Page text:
Something giganturous, simply spectaculous,
A thing that will always be seen as miraculous?
It would have to be splendid, tremendid, terrific,
Specifically something uniquely specific,
Globally tweeted and never repeated,
Though some may well try but they never will beat it.
We’ll go down in history, our method a mystery,
Be talked about, squawked about, studied consisterly,
Worshipped by worshippers, entrepeneurshippers.
Scholars of future will always refer to us,
Use our example as what is achievable,
Though only just possible, barely believable,
And ask of their students to write dissertations
On old Hippo’s devilish determination,
Insistence, persistence to go the whole distance
With Rhinoceros (you) as his faithful assistant.
Now, what do you say to my brilliant idea?
Are you with me or are you content to stay here?’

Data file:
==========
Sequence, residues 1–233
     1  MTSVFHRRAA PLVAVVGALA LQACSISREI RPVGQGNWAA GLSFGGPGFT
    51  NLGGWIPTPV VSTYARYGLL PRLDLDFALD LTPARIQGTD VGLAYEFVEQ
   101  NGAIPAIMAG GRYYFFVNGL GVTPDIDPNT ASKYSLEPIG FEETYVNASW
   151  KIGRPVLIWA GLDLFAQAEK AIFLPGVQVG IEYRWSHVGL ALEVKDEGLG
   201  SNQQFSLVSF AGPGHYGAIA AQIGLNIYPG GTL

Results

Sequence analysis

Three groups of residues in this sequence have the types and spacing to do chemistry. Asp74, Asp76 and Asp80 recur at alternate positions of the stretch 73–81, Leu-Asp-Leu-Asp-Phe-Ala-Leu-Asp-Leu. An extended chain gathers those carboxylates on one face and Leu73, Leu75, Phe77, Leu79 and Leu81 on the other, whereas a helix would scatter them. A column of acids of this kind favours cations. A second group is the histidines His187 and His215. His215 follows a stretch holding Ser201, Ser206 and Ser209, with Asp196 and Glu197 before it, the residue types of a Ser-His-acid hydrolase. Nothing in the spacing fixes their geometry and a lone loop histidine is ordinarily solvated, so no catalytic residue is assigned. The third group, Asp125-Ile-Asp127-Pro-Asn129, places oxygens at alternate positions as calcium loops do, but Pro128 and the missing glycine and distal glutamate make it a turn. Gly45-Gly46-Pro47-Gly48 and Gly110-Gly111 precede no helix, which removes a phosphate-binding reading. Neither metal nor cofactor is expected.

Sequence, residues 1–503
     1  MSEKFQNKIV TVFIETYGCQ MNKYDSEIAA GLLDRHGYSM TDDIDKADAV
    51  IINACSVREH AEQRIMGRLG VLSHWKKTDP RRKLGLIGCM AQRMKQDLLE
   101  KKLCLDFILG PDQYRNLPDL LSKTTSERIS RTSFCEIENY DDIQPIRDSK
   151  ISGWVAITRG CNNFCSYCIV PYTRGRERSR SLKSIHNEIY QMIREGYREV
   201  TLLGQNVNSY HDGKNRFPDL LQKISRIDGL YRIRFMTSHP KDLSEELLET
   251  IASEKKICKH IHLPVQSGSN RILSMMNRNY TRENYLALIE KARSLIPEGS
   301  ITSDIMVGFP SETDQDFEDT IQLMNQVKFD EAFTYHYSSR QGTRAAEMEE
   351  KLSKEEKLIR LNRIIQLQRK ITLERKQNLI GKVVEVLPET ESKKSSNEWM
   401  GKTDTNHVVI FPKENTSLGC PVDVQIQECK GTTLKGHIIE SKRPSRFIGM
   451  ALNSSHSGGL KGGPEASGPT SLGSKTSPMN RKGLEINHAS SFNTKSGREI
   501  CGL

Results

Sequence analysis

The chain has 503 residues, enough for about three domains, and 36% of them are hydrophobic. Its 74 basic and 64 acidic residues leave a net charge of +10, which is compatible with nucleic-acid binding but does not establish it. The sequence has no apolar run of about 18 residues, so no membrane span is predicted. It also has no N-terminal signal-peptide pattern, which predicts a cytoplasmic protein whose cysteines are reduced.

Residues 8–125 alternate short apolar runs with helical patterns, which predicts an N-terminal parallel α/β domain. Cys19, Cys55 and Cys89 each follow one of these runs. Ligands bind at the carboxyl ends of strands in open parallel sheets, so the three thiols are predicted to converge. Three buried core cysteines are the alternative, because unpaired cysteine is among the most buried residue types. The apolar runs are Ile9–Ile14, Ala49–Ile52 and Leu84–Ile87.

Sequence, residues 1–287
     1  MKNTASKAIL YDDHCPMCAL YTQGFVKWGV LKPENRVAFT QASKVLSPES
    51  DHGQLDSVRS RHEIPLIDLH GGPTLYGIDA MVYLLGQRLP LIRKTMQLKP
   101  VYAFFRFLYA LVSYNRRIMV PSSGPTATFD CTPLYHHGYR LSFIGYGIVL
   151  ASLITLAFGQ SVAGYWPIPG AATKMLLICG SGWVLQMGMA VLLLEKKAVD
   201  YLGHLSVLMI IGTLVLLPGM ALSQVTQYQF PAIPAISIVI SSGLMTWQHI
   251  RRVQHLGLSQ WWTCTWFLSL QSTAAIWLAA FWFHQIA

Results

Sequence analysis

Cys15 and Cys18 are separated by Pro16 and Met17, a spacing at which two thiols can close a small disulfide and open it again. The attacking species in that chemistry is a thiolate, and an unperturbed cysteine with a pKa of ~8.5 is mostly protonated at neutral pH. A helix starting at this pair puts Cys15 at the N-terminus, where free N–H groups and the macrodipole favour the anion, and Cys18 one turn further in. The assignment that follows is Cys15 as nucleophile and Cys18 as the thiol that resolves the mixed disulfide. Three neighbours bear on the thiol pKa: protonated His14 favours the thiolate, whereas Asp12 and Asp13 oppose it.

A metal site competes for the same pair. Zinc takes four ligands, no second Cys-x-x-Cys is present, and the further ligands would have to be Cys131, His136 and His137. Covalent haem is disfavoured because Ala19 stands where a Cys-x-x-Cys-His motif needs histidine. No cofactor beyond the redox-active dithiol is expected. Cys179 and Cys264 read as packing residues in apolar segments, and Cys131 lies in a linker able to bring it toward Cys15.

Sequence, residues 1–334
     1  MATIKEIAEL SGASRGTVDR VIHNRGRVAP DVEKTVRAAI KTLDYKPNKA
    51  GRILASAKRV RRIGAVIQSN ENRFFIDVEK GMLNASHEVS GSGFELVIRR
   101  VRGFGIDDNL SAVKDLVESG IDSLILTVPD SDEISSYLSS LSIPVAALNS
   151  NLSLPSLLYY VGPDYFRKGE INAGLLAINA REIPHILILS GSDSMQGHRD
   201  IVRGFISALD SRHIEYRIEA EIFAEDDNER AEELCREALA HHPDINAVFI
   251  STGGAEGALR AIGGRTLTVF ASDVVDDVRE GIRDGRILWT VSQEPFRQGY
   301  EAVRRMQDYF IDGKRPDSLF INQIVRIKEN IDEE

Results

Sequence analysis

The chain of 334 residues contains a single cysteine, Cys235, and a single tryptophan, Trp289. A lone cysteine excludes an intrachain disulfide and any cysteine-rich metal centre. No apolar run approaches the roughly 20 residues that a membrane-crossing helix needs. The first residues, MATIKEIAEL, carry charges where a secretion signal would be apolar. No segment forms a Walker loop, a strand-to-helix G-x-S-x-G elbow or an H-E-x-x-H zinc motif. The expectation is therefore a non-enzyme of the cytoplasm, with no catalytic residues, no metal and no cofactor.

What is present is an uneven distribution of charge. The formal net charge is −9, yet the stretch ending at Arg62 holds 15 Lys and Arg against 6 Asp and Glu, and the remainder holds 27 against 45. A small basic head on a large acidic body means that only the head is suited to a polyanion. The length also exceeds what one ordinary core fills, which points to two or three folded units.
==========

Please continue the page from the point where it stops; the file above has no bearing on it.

‘I’ll stay here,’ said Rhinoceros.
Mad duck

“Moo,” said the duck,
“That’s just my luck,
To be struck down with mad cow disease.”
“Quack,” said the cow,
“I don’t quite know how
That duck milk gets made into cheese.”
Don’t steal the scare from a grizzly bear

Don’t steal the scare from a grizzly bear,
Or a dromedary’s singular hump.
A bee needs its buzz (yes it does, yes it does)
And a kangaroo must have its jump.

Leave the whale its fine tail and the shell on a snail,
And don’t stifle the stink of a skunk.
A cow craves its moo (course it does, wouldn’t you?)
As an elephant treasures its trunk.

Don’t grab a goose gander, bamboo from a panda.
A crocodile must have its snap.
The swing of an ape (and of this I don’t jape),
If removed, will unsettle the chap.